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Mobile Magic

As factory-installed stereos get better and better, many music lovers are sticking with the stereo that came with the car rather than replacing it with an after-market model. This is also in part due to the popularity of leasing-people don’t want to hassle with installing a whole new stereo system if they’re only going to turn their car back into the dealer within two to three years.

Given the declining state of the mobile sound industry, forward-thinking mobile electronics manufacturers have discovered new ways to interface with OEM (original equipment manufacturers) audio systems. And they have also started to pioneer new, non-musical ways of enhancing your commute. Through advancements in computers, video monitors, and wireless communications systems, your vehicle will closely resemble the Starship Enterprise, except it’ll still have tires. Interfacing with the OEM there are some adequate sound systems that now come standard with premium luxury cars. However, there are usually a couple of ways that these OEM systems still deliver substandard performance. The first issue is the CD player. Many systems for new cars include a built-in compact disc player, but even now, with CDs far outselling cassettes, most car stereos only include a cassette deck. When you do get a CD player as standard equipment, it can be very expensive-twice the price of getting it retrofitted by a car stereo store.

The other issue is cross platform media-if you listen to both cassettes and CDs, having only one or the other can be a drag. This is especially true regarding books on tape. If you have been to a Barnes & Noble or another book chain, you will see that their selection of books on CD is quite paltry, so you’ll have to keep a cassette deck if you’re interested in catching up on your reading while driving.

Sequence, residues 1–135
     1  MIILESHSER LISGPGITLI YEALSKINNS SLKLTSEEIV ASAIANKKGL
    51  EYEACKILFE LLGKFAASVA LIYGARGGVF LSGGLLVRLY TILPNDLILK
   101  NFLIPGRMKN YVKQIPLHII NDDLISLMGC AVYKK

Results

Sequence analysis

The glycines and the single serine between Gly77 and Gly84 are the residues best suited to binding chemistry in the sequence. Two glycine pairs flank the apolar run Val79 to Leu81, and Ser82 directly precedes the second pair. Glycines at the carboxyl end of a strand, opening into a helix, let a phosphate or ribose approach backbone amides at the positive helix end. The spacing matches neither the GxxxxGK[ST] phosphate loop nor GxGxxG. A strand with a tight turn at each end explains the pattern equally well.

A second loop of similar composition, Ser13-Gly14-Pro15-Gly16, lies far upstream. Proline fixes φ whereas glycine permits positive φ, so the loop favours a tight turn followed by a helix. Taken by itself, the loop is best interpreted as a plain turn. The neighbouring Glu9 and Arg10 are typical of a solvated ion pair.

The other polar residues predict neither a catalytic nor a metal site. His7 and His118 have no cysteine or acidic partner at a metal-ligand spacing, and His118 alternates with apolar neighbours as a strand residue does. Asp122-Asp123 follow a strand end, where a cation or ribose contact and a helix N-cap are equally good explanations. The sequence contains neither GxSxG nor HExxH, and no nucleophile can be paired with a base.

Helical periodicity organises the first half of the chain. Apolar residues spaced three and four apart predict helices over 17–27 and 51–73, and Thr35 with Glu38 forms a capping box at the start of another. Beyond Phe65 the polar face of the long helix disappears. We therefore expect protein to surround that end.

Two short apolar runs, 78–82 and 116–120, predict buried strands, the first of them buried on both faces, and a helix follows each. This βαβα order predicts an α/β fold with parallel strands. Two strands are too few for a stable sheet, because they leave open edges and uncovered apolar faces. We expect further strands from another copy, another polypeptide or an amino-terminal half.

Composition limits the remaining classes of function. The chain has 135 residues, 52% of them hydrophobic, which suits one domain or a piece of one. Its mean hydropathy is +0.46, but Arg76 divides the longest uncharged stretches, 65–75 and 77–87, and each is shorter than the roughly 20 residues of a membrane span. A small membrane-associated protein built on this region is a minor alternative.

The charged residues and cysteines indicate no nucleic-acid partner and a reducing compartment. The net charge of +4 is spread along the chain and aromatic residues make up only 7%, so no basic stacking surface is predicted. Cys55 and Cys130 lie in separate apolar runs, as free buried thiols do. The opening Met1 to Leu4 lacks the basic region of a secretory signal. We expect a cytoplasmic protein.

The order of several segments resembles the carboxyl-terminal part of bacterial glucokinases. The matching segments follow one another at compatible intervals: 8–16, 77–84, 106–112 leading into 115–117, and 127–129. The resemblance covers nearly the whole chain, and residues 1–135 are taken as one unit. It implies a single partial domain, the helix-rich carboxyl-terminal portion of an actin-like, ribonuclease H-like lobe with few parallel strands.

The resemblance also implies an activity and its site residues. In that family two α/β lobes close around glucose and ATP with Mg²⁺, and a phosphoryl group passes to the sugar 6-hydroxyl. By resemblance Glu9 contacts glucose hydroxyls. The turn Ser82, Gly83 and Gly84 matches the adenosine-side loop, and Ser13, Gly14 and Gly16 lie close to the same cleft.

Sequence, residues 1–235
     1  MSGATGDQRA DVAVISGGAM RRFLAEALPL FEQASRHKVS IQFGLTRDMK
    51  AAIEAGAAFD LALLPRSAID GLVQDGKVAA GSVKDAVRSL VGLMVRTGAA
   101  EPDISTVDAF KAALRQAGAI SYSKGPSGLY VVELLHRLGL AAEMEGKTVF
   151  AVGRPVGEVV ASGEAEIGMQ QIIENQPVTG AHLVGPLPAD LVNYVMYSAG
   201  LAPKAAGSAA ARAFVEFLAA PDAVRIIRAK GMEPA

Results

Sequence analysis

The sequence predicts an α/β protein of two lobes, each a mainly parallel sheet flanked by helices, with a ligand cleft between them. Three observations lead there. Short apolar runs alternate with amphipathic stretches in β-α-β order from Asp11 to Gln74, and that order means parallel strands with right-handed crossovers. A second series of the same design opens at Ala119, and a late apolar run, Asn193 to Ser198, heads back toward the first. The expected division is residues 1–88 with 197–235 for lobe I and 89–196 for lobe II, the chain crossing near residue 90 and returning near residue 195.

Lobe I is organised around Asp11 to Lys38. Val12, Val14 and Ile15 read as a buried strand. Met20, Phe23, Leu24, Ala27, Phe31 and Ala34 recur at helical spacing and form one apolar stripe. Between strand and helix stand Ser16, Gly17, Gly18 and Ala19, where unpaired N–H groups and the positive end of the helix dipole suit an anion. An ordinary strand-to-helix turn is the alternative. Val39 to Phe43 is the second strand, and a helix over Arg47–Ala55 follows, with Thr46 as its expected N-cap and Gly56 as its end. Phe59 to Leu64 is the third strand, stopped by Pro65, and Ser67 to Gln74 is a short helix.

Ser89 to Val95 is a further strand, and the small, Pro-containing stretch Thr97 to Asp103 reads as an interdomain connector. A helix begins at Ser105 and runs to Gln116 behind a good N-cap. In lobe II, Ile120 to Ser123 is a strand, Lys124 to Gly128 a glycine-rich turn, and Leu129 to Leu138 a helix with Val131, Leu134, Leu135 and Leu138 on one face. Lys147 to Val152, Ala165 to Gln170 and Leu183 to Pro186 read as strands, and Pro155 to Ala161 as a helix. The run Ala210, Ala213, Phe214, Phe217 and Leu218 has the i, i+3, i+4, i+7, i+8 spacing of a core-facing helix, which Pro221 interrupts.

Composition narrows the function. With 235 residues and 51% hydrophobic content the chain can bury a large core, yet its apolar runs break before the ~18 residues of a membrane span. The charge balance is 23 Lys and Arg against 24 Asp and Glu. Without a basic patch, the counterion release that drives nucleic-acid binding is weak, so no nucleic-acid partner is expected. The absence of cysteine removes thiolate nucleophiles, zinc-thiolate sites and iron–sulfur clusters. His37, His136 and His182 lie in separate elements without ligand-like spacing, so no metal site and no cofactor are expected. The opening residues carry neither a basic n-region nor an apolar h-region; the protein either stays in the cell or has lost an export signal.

There is a solution that will actually kill three birds with one stone. It is called a multi-disc CD changer with FM modulator. Your friendly car stereo store will install a 6, 10, or12 disc CD changer in the trunk of your car or underneath the passenger’s seat. And they will hook the output into the antenna input of your existing AM/FM cassette player. This hookup is done discreetly, is easy to install and even easier to remove when you want to turn in or sell off your vehicle. The CD player puts out the music on an FM channel just like a radio station but does it on an unused frequency such as 87.1 MHz (radios only go as low as 87.5 MHz). To listen to CD, all you have to do is tune your radio to the correct FM frequency on which the CD player “broadcasts” and you’ve got instant CD sound.

The main drawbacks to a CD player with FM modulator are that the overall sound quality is limited to the quality of you existing system, so if your cassette deck delivers mediocre power output or your speakers are low-grade, it’ll only sound so good. The other issue is that FM only delivers a frequency response from 20 Hz to 15 kHz, and since the human ear can theoretically hear up to 20 kHz, you may be missing some high notes and overtones.